Youth Leading Change: Report from the WUSC International Forum 2012

December 21, 2012

Attending WUSC International Forum 2012 – Youth Leading Change
A Canadian Connection at an International Level

Submitted by: Sandra Badcock, Co-Chair, Emerging Leaders

Attending an international forum is always an exciting adventure. You have no idea who you will meet, what you will learn, and what the conference will mean for you and your organization. The World University of Service Canada Forum 2012 delivered on all the requirements for a fantastic conference. As I attended as an invited guest, I found I got to really learn about World University Service of Canada (WUSC) and Uniterra and network with whomever I was lucky to sit next to during lunch.

The conference focused on three key messages: Turn Up the Volume – Youth Voices for Social Change, Show Us the Money! Economic Opportunities for Youth, and Everyday Global Citizenship. Each theme included a plenary session and concurrent workshops for your personal development. I myself found every workshop I attended interesting, and relatable. Learning about education and training programs in South Sudan reminded me of programs in St. John’s, Newfoundland that have been created for low-income individuals. Obviously, each program would be catered to the culture in which they were taught, but the basic principles of encouraging men and women to join the education program, to learn foundational skills needed in the workforce, and then learn specific skills in a trade which would provide them with job opportunities, are common in any employment and education program.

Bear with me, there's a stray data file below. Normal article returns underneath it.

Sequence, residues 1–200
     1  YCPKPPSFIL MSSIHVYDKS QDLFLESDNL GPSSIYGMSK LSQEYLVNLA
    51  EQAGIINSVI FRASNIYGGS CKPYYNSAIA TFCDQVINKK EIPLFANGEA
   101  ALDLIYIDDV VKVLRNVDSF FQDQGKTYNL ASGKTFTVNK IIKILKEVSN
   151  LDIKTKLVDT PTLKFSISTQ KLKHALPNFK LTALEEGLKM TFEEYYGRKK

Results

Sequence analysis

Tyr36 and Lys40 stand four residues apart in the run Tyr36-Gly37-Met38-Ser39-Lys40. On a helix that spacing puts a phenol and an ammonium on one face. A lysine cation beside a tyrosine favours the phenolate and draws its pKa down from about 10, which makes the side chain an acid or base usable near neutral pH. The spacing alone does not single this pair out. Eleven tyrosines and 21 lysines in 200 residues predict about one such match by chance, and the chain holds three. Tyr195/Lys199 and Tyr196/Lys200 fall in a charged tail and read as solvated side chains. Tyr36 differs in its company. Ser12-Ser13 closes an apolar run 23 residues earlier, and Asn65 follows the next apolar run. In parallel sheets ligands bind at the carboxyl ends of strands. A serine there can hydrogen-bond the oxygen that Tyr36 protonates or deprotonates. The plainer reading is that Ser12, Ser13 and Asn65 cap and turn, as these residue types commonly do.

I found myself intrigued with everything presented, and taking notes to share with my colleagues who work in employment and education in St. John’s. Who would have thought that South Sudan implements a program almost exactly like those running across Canada? At that moment in the conference, I realized that anyone working in social or community economic development, with youth, adults or seniors, could relate to international work. Canadians could help network, share their ideas and help an international movement, even while staying here in Canada. While the conference was catered toward university students, I definitely felt that my work, my experience and my knowledge could be shared with attendees. By the end of the conference, I not only felt that I could contribute my knowledge, but that I wanted to become more involved with this international movement.

At the end of the conference, after wonderful concurrent workshops and a fantastic Gala and Awards Ceremony, I had the opportunity to sit down with some members of Uniterra and a representative from Ghana, Mohammed. We discussed the Canadian Community Economic Development Network and Emerging Leaders (a Youth Committee in CCEDNet). Throughout our conversation, I was able to explain the benefits of a network, share information, resources and contacts, and make a friendship. By the end of the conference, after three days of learning and wanting to become more involved with WUSC and Uniterra, I had the opportunity to sit with someone one-on-one to help make that happen! How exciting!

At the end of the day, feeling a Canadian connection at an International level was the best feeling I could have, and knowing that my knowledge and experience could be shared with those in Africa, was truly rewarding.